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Letter of Captain Dudley Saltonstall to his Father in 1795

Canandaigua

October, 1795

Honored Sir,

I am now settled in the seat of litigation of the western most county of the State of New York called Ontario. The county town is situated in the midst of a large tract of country, the most fertile I have ever beheld, and probably the most fertile yet explored in America. The country is beautifully interspersed with lakes, some of them near a hundred miles in circumference. Most have outlets leading into Lake Ontario, their ocean. The land rises from the lakes in gentle swells, so that there is not a hill but what is arable. It is a common affair to have thirty bushels of wheat and sixty bushels of corn to the acre.

Canandaigua, named from the lake at the bottom of which it stands, contains sixty houses, some more elegant in their structure than those of any village I know, in Connecticut, Litchfield excepted. Acre lots fronting on Main Street sell at one hundred to two hundred dollars; house lots beyond them, from twenty to forty dollars, and all good land within ten miles, at five dollars. Six years ago the land was bought of Massachusetts by Gorham and Phelps, at less than a shilling currency per acre. The whole country is about as large as Connecticut. It is expected to be divided at the next session of legislature, so that the southern township will make a new county.

I will remain in the northern part, which has the better soil. The only practicing lawyer is Peter Porter, a classmate and fellow law student. A son of Robert Morris, who has made a fortune here, is very hospitable, and I look for success in this agreeable settlement.

Severe hardships have borne without ill consequences to health. The northern part of the county is settled by a hardy, enterprising set of New England farmers and speculators, and is to be preferred to settlements in northern Pennsylvania. The houses are mostly framed, and improvement are making round them very rapidly.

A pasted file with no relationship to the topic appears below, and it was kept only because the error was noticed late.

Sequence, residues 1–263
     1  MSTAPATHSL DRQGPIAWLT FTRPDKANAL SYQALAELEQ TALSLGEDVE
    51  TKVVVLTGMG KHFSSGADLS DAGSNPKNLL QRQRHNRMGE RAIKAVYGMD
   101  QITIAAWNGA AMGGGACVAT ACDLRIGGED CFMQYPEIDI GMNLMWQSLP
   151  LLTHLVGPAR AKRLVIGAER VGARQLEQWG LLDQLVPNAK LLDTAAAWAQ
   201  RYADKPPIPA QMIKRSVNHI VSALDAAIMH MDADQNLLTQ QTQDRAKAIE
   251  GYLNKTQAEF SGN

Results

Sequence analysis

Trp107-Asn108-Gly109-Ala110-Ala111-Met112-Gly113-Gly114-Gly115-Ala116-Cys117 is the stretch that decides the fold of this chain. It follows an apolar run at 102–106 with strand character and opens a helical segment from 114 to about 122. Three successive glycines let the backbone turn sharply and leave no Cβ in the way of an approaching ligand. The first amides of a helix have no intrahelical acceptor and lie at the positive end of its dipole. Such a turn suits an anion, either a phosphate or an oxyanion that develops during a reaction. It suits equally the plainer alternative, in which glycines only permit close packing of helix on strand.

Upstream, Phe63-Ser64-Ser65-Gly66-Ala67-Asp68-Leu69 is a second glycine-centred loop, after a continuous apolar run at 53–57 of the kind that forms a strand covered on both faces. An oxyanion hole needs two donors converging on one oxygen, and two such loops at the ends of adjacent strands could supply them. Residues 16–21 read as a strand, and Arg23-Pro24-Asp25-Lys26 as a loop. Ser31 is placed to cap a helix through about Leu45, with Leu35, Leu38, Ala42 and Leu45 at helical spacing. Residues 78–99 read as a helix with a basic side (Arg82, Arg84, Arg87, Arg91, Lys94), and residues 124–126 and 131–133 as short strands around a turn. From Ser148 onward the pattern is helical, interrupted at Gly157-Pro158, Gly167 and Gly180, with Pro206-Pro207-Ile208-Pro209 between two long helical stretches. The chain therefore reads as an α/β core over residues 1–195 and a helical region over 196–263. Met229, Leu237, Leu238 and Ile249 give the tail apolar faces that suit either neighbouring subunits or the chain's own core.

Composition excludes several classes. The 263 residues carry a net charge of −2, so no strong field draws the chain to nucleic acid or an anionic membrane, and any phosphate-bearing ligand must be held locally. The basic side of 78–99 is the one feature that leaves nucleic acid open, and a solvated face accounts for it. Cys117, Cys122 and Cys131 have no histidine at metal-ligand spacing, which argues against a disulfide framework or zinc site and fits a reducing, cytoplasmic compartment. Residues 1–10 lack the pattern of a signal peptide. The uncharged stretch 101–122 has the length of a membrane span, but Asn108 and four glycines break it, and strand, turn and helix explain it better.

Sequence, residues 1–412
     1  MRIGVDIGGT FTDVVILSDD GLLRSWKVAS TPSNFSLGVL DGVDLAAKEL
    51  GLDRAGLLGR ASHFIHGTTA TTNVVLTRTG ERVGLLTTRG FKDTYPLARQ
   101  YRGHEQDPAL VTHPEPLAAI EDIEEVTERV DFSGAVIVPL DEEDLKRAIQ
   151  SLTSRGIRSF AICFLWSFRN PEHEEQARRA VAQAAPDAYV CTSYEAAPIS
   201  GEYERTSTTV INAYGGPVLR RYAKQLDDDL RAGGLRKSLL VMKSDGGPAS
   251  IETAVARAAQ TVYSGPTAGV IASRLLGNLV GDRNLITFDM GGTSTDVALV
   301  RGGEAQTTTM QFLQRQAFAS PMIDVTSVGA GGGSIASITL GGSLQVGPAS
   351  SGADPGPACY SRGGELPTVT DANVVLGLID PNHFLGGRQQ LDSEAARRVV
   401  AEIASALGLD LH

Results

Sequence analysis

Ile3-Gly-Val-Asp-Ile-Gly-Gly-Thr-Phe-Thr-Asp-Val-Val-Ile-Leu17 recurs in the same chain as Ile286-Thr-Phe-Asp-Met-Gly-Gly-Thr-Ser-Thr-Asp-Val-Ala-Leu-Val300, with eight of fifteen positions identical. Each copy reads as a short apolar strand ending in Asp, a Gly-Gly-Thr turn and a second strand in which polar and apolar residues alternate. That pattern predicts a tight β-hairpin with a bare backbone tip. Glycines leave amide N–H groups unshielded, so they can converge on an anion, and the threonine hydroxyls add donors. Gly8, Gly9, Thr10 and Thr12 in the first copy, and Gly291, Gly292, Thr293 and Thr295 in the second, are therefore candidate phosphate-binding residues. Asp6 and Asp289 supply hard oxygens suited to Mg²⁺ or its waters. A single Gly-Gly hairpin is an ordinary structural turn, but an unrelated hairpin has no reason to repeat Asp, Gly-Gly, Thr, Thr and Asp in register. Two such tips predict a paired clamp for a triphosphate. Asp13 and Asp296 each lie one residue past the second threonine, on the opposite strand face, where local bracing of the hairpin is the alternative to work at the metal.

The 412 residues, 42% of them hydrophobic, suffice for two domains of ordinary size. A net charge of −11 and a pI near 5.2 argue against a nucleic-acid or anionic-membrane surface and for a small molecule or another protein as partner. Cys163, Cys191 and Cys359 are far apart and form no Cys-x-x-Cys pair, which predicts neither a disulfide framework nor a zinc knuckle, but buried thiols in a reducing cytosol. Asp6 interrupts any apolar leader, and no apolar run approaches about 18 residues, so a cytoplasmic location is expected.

A temporary increase in prosperity will arise from the demands of the settlers on Connecticut’s Lake Erie lands for provisions. A canal by the side of Niagra Falls is frequently spoken of as a project to be consummated after the surrender of the western posts. Augustus Porter, chief surveyor of the Phelps and Gorham from the beginning of the settlement, has viewed the level lands along the falls, and told me that by digging a canal eight miles long a very convenient passage could be effected. Mr. Porter has written to his father at Salisbury to interest himself heavily in the new Connecticut lands and I, with all deference, yet earnestness, advise you to do the same. A canal being opened between Erie and Ontario, the settlers around Lake Erie will have access to the ocean by the river St. Lawrence, or at least to Montreal or Quebec, if the British will not suffer them to go further. The commerce will be to Albany by Oswego River into Oneida Lake; thence up Wood Creek to the landing between which and the headwaters of the Mohawk, a distance of a mile and a half, a canal will be cut next summer.

A fur-trader, met the other day, told me that apples and peaches are as plentiful at Detroit as in Albany. I was lately privy to a sale of wild lands in this country at eight dollars and fifty cents an acre, but it was at the mouth of the Genesee River on Lake Ontario, and promises in time to be a place of trade. Nathaniel Gorham, when he purchased wild lands here, is well known not to have been worth five hundred dollars, and is now a man of immense fortune. Such opportunities still offer.

A farm of most excellent land, containing by accurate measurement three hundred and seventy two acres, lies on the outlet of Canandaigua Lake, sixteen miles from this town, known on the map as Canadaguay. The farm was bought by a tavern keeper of the town, from Phelps and Gorham at a quarter of a dollar per acre, six years ago. The man’s name is Sanburn. He being the first, and for some time, the only tavern keeper here, the proprietors live with him and allowed him his choice. He is now in want of money to fulfill contracts, and offers the farm for cash down at thirty shillings per acre. I suppose he will not take less than three dollars and fifty cents per acre. Part of the tract is flat land overflowed annually and sometimes twice a year, by the outlet. The farm is surrounded by settlements, and will be in three years time a half-joe an acre.

This country is no longer a wilderness. Here are good inhabitants, far better than those of New London, and fine farms, the cleared parts of which are clothed with the most luxuriant herbage. The wild grass on the banks of some of the streams grows so high that a man on horseback cannot see over it without rising on his stirrups. This is not gasconade. Mr. Channing bought a farm three years ago on the Niagara Road at four shillings lawful money per acre, for which he may now take four dollars an acre.

Your dutiful son,

D. Saltonstall

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